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Kiss Me Like A Stranger: My Search for Love…

Kiss Me Like A Stranger: My Search for Love and Art (original 2005; edition 2005)

by Gene Wilder

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3721041,224 (3.55)3
Title:Kiss Me Like A Stranger: My Search for Love and Art
Authors:Gene Wilder
Info:St. Martin's Press (2005), Edition: First Edition, Hardcover, 272 pages
Collections:Your library

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Kiss Me Like A Stranger: My Search for Love and Art by Gene Wilder (2005)



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Showing 1-5 of 10 (next | show all)
This is pretty much the kind of memoir you'd expect Gene Wilder to write. It starts off a little stiff and mannered, but it quickly picks up pace and steam and the prose is such that you can almost hear Wilder read it to you: quirky and wry and imperfect, acknowledging some of his imperfections but apparently entirely unaware of others. He comes across by turns kind and sincere and, at times, a bit of an asshole. (And I think he'd have described that as a fair cop.) Worth reading if you're at all interested in his career. ( )
  siriaeve | Jan 9, 2017 |
I'm a huge fan of "Young Frankenstein" (YF) and I like "The Producers very, very much. I think Wilder was just perfect in both movies. So I was more than a little predisposed to a very good review of his book, but instead I found it poorly written, dull, skimpy, and not very funny. YF spans about 8 pages and the pages in KMLAS include a lot of air, i.e., a typical page had a bit more than 300 pages, and chapters were short, with a blank page+ between each. Air. And within these 8 pages, there were breakaways to describe the latest wisdom from therapist Margie, the breakup of his marriage and how painful it was (really?), and plans for the next movie. Margie.....Wilder shares many of the insights and advice that Margie dropped on him over the years. Dull. Obviously a big deal for Wilder but dull nevertheless. So what are some of the wonderful inside scoops, the behind-the-scenes stuff from YF. "Walk this way", "Eyegore", "...you take da blonde..." all things we've heard a million times. And the marriages....I lost count. But, despite all that what you really wanted to hear about was the marriage with Gilda, the Love Story. Wilder writes on page 202 - "if the dog hadn't eaten the rat poison, I honestly don't think that Gilda and I would ever have gotten married." Ah, true love. ( )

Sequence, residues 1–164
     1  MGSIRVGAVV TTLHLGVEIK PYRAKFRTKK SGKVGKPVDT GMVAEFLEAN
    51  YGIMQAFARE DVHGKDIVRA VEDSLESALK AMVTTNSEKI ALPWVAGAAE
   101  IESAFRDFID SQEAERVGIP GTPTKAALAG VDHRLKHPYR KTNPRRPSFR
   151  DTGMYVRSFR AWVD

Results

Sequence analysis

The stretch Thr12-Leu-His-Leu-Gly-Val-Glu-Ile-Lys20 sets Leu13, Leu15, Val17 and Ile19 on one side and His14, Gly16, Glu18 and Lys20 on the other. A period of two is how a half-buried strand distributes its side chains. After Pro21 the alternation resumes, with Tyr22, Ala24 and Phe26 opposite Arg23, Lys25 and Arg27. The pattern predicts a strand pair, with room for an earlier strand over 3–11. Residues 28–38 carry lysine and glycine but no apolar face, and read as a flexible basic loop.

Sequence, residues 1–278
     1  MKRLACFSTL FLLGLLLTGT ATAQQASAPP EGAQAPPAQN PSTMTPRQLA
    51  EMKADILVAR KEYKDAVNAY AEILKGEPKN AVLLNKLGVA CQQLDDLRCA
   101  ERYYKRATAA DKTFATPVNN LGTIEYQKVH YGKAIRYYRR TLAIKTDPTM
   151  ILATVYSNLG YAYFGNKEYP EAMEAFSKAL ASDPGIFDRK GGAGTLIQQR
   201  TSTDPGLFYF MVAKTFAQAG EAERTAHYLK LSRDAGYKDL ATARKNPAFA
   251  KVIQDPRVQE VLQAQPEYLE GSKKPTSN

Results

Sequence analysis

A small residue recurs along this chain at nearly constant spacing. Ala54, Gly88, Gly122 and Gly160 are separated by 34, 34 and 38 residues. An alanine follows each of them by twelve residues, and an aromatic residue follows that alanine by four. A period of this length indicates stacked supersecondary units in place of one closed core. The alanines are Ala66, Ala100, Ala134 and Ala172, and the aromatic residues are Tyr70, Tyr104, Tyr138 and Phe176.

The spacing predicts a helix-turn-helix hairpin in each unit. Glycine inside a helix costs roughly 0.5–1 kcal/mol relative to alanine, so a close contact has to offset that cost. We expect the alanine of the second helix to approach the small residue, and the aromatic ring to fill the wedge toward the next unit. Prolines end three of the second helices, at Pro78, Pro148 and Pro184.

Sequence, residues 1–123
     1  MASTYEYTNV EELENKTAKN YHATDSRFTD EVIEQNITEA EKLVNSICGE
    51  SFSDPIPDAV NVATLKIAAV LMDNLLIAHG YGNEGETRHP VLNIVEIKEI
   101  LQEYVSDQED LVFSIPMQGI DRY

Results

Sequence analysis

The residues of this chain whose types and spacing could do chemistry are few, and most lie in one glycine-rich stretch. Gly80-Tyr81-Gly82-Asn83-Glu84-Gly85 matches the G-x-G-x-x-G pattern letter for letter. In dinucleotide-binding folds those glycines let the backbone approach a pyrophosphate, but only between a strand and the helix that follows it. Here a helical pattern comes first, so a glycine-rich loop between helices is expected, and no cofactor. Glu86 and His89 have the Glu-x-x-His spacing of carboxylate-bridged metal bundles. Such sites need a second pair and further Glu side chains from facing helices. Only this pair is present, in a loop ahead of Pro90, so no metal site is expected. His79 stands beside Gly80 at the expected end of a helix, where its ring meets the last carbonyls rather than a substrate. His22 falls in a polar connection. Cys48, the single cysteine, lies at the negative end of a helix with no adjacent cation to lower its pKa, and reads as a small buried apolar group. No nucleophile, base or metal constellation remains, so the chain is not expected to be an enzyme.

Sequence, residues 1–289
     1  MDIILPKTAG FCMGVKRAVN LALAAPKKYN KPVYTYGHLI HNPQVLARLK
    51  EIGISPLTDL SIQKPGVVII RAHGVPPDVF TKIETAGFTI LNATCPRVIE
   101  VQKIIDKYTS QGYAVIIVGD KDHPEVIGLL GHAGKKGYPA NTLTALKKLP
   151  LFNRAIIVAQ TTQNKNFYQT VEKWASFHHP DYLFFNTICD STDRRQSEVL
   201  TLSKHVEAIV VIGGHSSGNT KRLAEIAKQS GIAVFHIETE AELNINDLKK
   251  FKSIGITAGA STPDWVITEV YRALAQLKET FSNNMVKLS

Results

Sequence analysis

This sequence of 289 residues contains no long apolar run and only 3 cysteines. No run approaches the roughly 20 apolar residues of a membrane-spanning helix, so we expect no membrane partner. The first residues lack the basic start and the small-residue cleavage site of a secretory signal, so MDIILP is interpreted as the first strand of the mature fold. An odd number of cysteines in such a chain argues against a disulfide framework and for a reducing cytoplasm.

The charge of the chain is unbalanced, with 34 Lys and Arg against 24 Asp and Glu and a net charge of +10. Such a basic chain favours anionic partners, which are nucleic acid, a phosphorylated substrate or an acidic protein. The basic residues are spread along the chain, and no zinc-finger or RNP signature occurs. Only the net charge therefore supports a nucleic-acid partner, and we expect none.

maneekuhi | Sep 9, 2016 |
I love Gene Wilder, but I've read only a quarter of this book. He chronicles his life, year by year, production by production, but I'm disappointed. I prefer a memoir that offers insights about the author's personality--revelations, aha moments, transformation, redemption. Or funny stories about celebrities. Or writing that shows a love of words. Kiss Me... wasn't emotional or funny or literary. This memoir would be a great resource for anybody doing research on American theater and film, but it didn't hold my interest. ( )
  dawndowney | Apr 18, 2015 |
I suppose I should've known by the book's title that Wilder was playing his cards close to the chest when he wrote the book. It's mostly about his career. His disclosure about his life comes out in tidbits and, at times, feel inconsequential. There's a part where he mentions his dad died then goes on about his career like it was no more than a cold day. I gave it 2 stars instead of 1 because there were some interesting insights into working with Richard Pryor and Gilda Radner, but the book could've been much deeper. The guy has been a brilliant actor. But there are parts of his life he doesn't want to show the public, I get that, and if you're okay with that then read it. Otherwise, put it down. ( )
  tbert204 | Sep 4, 2010 |
Listened to this unabridged audiobook - read by the author. Enjoyed his writing and reading style very much. Tastefully written; reminded me of all the wonderful movies Wilder has worked on (in front of & behind the camera). ( )
  langclouse | Feb 13, 2010 |
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Amazon.com Product Description (ISBN 0312337078, Paperback)

Gene Wilder is one of the great comic actors who defined the 1970's and 1980's in movies. From his early work with Woody Allen to the rich group of movies he made with Mel Brooks to his partnership on screen with Richard Pryor, Wilder's performances are still discussed and celebrated today. Kiss Me Like A Stranger is an intimate glimpse of the man behind the image on the screen.
In this book, Wilder talks about everything from his experiences in psychoanalysis to why he got into acting (and later comedy-his first goal was to be a Shakespearean actor) to how a midwestern childhood with a sick mother changed him. He writes about the creative process on stage and on screen, and divulges moments from life on the sets of the some of the most iconic movies of our time. He also opens up about his love affairs and marriages, including his marriage to comedian Gilda Radner. But the core of Kiss Me Like A Stranger is an actor's search for truth and a thoughtful analysis of why the choices he made-some of them so serendipitous they were practically accidental-changed the course of his life.

(retrieved from Amazon Thu, 12 Mar 2015 18:20:16 -0400)

(see all 4 descriptions)

The comic actor shares personal events that led to his understanding of love and the art of acting, discussing his relationships with such contemporaries as Mel Brooks, Richard Pryor, and Gilda Radner.

(summary from another edition)

» see all 3 descriptions

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